Zhaoyin Feng is a correspondent for the BBC World Service based in Washington, D.C., where she mainly reports on U.S.-China relations for the BBC’s TV, radio, and online platforms. Previously, she was the U.S. Correspondent for Initium Media. Formerly a Hong Kong-based investigator, Feng specialized in cross-border fact gathering and anti-corruption investigations. She holds an M.A. from the School of Advanced International Studies (SAIS) at Johns Hopkins University. She is a co-founder of Chinese Storytellers, an organization dedicated to empowering Chinese non-fiction content creators in English-language media.
Chris McGreal is a correspondent for The Guardian. A former correspondent in Johannesburg, Jerusalem and Washington, DC, he now writes from across the United States. He has won awards for his reporting of the Rwandan genocide, Israel/Palestine, and on the impact of economic recession in America. He received the James Cameron prize for “work as a journalist that has combined moral vision and professional integrity”. He was awarded the Martha Gellhorn Prize for Journalism for reporting that “penetrated the established version of events and told an unpalatable truth”.
Marc Pitzke is a long-time U.S. correspondent for the German newsweekly DER SPIEGEL. He graduated from Columbia University’s School of Journalism in 1994. Previously, he worked as a political correspondent for Reuters in Berlin and studied at Munich’s Ludwig Maximilian University as well as the Deutsche Journalistenschule (German School of Journalism), also in Munich. Marc lives in Brooklyn.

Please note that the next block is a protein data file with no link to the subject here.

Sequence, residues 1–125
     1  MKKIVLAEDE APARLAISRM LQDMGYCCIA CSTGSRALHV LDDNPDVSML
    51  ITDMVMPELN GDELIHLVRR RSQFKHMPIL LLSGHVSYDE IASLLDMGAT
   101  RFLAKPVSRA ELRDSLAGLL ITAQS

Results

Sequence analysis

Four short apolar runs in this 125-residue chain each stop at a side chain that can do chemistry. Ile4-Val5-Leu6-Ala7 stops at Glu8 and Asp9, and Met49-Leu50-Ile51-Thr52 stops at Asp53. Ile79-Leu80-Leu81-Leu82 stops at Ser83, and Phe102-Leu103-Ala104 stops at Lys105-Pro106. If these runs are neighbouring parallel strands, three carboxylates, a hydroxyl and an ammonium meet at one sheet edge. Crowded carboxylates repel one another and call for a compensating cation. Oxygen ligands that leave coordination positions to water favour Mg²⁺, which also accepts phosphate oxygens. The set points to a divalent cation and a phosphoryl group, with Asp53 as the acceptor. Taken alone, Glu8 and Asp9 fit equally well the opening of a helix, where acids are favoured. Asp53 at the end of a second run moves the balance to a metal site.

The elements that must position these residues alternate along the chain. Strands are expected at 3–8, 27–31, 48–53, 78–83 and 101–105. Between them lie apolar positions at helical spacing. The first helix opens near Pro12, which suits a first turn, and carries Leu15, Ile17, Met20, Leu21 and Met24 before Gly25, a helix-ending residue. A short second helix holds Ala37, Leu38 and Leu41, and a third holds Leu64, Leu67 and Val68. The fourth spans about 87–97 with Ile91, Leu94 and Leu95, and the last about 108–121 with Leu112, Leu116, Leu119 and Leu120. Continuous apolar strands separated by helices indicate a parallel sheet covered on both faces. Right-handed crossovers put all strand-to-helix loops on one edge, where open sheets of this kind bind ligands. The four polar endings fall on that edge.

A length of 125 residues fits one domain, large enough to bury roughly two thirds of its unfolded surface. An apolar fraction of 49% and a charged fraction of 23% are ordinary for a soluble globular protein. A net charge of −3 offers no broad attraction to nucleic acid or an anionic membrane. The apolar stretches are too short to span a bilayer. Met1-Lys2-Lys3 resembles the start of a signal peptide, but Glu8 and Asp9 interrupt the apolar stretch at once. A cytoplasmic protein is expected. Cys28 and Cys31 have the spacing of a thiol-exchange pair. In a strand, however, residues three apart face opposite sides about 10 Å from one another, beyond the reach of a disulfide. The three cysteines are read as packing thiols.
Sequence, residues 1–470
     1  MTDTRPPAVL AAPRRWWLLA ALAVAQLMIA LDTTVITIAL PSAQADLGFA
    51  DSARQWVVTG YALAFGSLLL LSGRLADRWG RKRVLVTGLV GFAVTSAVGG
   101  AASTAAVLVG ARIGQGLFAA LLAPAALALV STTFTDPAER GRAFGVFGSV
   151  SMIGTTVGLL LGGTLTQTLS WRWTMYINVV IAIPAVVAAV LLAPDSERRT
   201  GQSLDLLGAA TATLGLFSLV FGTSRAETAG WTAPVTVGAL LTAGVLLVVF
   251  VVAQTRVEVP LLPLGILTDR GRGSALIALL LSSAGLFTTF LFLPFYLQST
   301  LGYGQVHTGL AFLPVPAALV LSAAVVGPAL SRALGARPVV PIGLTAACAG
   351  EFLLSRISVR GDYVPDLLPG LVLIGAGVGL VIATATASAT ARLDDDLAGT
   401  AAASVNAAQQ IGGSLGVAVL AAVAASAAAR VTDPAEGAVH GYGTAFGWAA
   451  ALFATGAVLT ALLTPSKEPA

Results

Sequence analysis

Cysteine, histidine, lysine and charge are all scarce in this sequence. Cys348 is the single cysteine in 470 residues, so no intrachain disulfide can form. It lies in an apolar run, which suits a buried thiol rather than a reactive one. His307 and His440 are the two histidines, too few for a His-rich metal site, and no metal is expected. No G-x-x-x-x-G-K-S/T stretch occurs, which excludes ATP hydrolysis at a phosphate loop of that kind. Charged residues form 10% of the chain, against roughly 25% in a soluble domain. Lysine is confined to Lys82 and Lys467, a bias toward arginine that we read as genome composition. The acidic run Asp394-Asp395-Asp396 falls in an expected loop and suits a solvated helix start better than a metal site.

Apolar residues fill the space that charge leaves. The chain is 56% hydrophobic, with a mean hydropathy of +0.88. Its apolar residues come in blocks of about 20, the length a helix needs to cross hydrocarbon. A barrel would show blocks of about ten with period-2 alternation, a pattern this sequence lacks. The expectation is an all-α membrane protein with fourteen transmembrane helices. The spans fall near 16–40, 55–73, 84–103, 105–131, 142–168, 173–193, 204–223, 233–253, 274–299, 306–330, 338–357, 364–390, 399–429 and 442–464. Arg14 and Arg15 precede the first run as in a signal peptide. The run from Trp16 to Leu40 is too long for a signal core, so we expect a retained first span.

Yan Zhang is Chief Correspondent based in Washington, DC, for Initium Media, an independent digital magazine for Chinese readers worldwide. She helped to form The Initium’s reporting team from mainland China, has written in-depth articles on economic reform, urbanization and education throughout the country. Since 2019 she has moved to Washington, DC, as a political journalist covering the U.S. presidential election and U.S.-China relations.
Keith Richburg is a journalist who spent more than 30 years overseas for The Washington Post, serving as bureau chief in Paris, Hong Kong, Jakarta, Nairobi, and Manila. He was also the Post’s Foreign Editor from 2005-2007 and helped cover the 2008 U.S. presidential election. After retiring from the Post in 2013, he became a fellow at the Institute of Politics at Harvard University and a lecturer of international reporting at Princeton University. Keith’s coverage has won numerous awards, including two George Polk Awards, and was twice a Pulitzer Prize finalist for his reports from Somalia.
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